1. Yes, I think eco-accommodation is going to be a big part of travel in the future. As soon as it’s affordable and the taboo is removed, or things change in a revolutionary way with regard to how people can travel. One of the biggest things is surely reducing waste because there’s nothing worse than seeing your favorite place ruined with trash or overconsumption. Hopefully, this puts a spotlight on some more efficient, positive and sustainable ways to move forward.

  4. It’s definitely a good time to look at things in a new way. I keep hearing that things will never be the same… And I think that’s true and for the most part, it could even be a good thing. Especially when it comes to how we think about travel and realizing that sometimes we take things for granted and need to be a little more respectful and appreciative of these opportunities in the future.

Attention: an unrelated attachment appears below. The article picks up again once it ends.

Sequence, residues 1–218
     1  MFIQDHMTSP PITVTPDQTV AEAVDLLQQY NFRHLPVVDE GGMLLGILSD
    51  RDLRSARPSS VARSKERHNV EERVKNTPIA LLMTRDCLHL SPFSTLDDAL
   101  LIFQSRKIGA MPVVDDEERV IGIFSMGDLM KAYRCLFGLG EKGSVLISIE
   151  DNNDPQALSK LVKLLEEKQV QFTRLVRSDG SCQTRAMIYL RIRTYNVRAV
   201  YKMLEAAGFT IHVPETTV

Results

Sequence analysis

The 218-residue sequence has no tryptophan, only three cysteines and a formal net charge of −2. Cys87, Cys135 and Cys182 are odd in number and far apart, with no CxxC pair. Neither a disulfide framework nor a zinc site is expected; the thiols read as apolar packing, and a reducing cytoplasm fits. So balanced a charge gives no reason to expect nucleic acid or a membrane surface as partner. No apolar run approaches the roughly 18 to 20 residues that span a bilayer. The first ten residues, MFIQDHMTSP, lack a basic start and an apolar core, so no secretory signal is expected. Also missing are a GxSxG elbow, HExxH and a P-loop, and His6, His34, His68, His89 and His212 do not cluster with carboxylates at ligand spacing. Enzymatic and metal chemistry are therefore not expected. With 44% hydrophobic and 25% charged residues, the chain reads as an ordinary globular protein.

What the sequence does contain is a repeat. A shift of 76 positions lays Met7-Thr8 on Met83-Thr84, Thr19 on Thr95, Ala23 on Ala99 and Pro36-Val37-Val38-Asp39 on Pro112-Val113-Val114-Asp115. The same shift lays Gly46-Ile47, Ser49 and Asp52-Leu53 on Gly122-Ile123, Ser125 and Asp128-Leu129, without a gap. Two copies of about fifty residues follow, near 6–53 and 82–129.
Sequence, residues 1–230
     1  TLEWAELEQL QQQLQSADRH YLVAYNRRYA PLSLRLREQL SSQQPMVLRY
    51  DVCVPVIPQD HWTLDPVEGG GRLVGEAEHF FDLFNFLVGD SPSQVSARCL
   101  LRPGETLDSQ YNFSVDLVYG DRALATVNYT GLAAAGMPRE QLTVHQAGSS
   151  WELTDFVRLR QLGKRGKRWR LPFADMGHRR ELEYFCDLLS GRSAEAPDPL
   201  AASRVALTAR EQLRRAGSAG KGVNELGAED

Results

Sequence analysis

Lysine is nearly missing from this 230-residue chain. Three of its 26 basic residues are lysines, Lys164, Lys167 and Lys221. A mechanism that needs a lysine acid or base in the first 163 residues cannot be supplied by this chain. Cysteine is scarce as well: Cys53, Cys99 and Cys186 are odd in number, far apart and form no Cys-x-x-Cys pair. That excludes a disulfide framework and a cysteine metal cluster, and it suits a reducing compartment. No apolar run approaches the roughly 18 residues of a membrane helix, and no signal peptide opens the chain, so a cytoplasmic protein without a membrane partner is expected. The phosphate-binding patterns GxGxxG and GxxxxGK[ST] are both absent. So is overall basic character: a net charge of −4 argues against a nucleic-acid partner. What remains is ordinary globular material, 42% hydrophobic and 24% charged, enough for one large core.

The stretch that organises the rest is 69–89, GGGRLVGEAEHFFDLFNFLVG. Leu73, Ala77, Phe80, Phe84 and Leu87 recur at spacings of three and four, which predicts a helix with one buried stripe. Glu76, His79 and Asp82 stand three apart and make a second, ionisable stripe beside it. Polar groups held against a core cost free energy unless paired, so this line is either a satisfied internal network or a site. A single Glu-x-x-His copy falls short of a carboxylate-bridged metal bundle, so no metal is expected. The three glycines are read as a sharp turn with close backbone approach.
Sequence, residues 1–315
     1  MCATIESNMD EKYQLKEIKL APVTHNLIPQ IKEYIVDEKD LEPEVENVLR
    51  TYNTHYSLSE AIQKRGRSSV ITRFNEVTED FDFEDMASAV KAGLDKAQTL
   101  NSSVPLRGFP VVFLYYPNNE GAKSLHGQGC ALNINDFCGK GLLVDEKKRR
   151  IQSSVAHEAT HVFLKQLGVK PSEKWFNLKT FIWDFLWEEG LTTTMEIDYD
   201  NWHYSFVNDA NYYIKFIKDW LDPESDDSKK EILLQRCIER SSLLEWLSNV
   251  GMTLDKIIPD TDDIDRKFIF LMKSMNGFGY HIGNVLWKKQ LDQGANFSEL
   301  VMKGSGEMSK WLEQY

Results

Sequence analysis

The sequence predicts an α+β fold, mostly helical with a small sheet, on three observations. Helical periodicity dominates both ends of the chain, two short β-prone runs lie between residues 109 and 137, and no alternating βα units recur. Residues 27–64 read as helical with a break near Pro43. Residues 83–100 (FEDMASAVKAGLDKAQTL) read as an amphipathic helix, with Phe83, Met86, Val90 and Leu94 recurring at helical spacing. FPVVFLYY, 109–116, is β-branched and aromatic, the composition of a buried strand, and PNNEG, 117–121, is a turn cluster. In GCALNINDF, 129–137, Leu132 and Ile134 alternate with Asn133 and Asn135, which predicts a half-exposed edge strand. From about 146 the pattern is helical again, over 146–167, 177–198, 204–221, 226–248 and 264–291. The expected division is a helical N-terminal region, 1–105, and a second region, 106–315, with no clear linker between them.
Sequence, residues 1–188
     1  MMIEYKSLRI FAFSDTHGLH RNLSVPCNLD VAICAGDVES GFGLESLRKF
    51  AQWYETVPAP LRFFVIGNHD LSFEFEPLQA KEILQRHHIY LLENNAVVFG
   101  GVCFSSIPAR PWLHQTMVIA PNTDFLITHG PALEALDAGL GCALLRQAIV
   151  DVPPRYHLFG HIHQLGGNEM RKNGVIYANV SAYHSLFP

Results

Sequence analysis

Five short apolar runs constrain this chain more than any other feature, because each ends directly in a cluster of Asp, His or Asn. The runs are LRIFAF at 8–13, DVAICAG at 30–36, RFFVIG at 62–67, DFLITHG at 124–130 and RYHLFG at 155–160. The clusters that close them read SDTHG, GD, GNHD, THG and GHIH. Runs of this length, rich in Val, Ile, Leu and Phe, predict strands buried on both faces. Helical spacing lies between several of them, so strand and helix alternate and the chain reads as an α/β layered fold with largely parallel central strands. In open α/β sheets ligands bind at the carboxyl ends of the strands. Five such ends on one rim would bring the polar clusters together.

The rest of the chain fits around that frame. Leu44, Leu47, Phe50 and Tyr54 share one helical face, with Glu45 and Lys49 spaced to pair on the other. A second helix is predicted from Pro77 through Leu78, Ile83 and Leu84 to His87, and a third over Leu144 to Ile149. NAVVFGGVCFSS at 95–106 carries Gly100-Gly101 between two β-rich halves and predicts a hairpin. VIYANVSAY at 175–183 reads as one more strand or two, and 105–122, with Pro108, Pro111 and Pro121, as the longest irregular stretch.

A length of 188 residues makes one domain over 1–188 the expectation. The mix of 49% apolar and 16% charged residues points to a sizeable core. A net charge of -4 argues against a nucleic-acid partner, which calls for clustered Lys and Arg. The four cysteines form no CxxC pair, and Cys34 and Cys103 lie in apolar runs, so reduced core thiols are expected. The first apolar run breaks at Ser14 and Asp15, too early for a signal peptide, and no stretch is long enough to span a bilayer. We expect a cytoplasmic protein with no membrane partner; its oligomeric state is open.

5. I think the virus was really a wake up call for everyone to take extra care of the planet. However, these are the things that we should have done in the first place even without the threat of a virus. Some say that “normal” travel will probably resume by 2023 since this pandemic affected our lives in many different ways. As we nearly face an economic recession, we must do our part and practice responsible travelling habits not just to help business owners lessen their cost in maintaining their business but also help in taking care of our environment. Moreover, companies should also start an initiative to contribute to preserving the environment. Progress should not always be linked to establishing high rise buildings and vast highways. We should always think about how we can achieve development in the present generation without jeopardizing the future. Let this pandemic be a lesson to be responsible and disciplined in everything that we do especially as we step into a foreign land.